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Nice to talk tech with you.

This is Technology.ph. We’re an up-and-coming digital publication and newsletter about all things technology: movements, startups, opinion, events, and all those interesting highlights brought to you from a youth edge.

We’re irregular, we’re here for quality stories. We’re bringing to you a publication where you don’t get linked to an article here and there, but pour over what we have to bring.

That’s all for now. 👋

PayMongo is putting payments in the hands of Pinoys

For the first time since 2013 and for only the second time ever, the Philippines has produced a startup entering the world’s premier accelerator, Y Combinator. From Manila to Mountain View, PayMongo is a FinTech startup looking to help local entrepreneurs and merchants to better their payment infrastructure — modernizing payments for the Philippines in a rapidly transforming digital economy. Founded in March of 2019, the quickly growing start-up has no shortage of all-star founders: starting with MIT-educated, Leyte born-and-raised CEO Francis Plaza to co-founder and lawyer Edwin Lacierda, a former Presidential Spokesperson under President Benigno Aquino.

The Philippines has no shortage of company after company looking to revolutionize the payments sphere. FinTech is booming with its ability for rapid adoption amongst the growing digital economy that Filipinos from every social background are seeking to partake in. With mobile and internet penetration at over two-thirds of the population with no signs of stopping: virtually every Filipino is part of the market. However, financial access still remains a challenge for many — which is why many are turning to financial digitization to head towards a space for equitable access and inclusion.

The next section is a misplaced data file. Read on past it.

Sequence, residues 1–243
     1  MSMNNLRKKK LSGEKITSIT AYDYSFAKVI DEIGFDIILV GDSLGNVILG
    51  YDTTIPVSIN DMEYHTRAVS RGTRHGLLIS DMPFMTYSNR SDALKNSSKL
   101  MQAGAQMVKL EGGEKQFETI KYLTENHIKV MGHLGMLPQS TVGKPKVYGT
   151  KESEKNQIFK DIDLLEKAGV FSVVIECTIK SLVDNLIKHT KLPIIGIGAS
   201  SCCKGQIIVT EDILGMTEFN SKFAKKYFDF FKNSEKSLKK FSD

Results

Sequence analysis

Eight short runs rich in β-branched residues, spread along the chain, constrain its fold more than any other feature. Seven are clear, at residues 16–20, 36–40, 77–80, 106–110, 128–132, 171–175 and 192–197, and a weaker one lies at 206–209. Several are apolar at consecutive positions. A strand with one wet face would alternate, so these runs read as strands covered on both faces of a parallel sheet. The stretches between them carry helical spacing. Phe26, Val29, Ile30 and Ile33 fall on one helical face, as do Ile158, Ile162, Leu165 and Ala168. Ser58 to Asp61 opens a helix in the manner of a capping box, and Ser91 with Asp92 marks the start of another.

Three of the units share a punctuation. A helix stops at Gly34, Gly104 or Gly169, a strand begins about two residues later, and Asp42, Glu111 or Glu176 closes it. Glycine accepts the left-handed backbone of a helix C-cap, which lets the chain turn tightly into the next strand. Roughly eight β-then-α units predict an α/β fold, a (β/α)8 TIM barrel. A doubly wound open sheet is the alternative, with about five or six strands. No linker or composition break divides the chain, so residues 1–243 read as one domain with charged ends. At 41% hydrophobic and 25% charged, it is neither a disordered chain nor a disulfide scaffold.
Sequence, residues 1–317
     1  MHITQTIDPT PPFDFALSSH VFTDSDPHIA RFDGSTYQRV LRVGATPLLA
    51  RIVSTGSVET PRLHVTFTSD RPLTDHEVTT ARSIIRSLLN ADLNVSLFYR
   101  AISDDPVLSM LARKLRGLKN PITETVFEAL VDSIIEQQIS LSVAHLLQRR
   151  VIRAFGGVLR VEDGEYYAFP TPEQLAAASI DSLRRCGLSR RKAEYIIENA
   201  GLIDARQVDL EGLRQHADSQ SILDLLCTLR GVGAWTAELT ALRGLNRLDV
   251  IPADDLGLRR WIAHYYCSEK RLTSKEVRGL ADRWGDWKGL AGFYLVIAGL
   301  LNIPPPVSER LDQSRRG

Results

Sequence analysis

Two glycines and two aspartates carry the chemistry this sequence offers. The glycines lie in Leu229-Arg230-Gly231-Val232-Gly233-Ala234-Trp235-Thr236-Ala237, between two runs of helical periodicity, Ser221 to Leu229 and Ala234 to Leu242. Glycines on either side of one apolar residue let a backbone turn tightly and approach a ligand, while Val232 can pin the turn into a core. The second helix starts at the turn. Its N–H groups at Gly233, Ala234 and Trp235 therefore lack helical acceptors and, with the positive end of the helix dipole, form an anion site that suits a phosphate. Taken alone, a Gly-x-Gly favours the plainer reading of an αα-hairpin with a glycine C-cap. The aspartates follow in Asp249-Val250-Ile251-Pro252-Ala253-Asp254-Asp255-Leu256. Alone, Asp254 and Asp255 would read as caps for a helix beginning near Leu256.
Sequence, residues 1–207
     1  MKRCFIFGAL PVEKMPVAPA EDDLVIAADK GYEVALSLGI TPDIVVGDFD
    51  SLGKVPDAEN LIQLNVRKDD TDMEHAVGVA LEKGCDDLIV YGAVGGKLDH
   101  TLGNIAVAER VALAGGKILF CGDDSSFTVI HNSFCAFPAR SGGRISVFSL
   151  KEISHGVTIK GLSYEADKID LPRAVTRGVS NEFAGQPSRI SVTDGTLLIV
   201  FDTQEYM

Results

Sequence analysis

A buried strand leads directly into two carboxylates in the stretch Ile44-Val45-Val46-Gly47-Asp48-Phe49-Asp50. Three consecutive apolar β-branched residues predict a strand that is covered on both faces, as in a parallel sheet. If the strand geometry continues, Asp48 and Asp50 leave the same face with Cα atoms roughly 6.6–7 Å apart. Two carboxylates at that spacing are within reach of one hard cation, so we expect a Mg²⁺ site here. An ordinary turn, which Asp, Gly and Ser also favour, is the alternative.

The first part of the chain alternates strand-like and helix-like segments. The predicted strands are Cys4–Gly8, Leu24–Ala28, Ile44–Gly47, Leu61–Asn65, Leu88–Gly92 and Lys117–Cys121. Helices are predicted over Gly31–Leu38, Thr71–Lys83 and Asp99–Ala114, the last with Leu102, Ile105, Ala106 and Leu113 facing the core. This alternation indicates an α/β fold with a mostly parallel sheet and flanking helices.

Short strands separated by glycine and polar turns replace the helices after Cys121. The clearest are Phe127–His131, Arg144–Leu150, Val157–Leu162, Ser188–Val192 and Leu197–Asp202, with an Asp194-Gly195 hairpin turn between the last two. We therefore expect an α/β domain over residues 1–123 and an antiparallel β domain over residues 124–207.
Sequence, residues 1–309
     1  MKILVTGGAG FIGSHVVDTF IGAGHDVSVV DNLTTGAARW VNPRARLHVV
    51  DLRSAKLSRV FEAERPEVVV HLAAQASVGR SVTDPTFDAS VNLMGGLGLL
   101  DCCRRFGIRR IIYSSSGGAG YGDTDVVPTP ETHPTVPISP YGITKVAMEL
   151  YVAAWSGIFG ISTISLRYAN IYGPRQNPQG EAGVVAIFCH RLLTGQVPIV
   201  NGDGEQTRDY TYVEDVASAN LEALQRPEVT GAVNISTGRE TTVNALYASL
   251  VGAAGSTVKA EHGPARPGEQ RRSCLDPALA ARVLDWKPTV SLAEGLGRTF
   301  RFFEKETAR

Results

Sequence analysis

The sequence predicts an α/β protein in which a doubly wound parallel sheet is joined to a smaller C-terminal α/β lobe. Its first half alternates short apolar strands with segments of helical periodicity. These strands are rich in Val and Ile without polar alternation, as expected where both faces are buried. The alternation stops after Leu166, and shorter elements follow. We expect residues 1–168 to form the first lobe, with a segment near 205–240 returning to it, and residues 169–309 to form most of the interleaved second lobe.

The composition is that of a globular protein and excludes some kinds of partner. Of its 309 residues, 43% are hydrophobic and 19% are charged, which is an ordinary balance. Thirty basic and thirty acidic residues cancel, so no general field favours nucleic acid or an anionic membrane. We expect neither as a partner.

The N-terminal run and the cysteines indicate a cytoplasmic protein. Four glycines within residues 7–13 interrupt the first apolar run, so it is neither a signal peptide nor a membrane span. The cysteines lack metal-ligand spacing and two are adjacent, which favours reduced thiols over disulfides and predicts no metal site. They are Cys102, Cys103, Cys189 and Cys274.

According to the World Bank, the potential local output rise if the financial inclusion gap were closed nears to over 14 percent. Meanwhile, a majority of Filipino merchants – over 87 percent – prefer selling and running their businesses from social media platforms; a long-running driver of digital economies in several countries across the Asia-Pacific, no surprise with the seemingly never-ending social media boom. However, despite the massive amounts of digital populations – it remains undeniable that social media e-commerce is frustratingly difficult to scale. Nevertheless, the same survey conducted by PayPal reports that over 32% of Filipinos with internet access have already transacted through social media – and plan to continue to do so.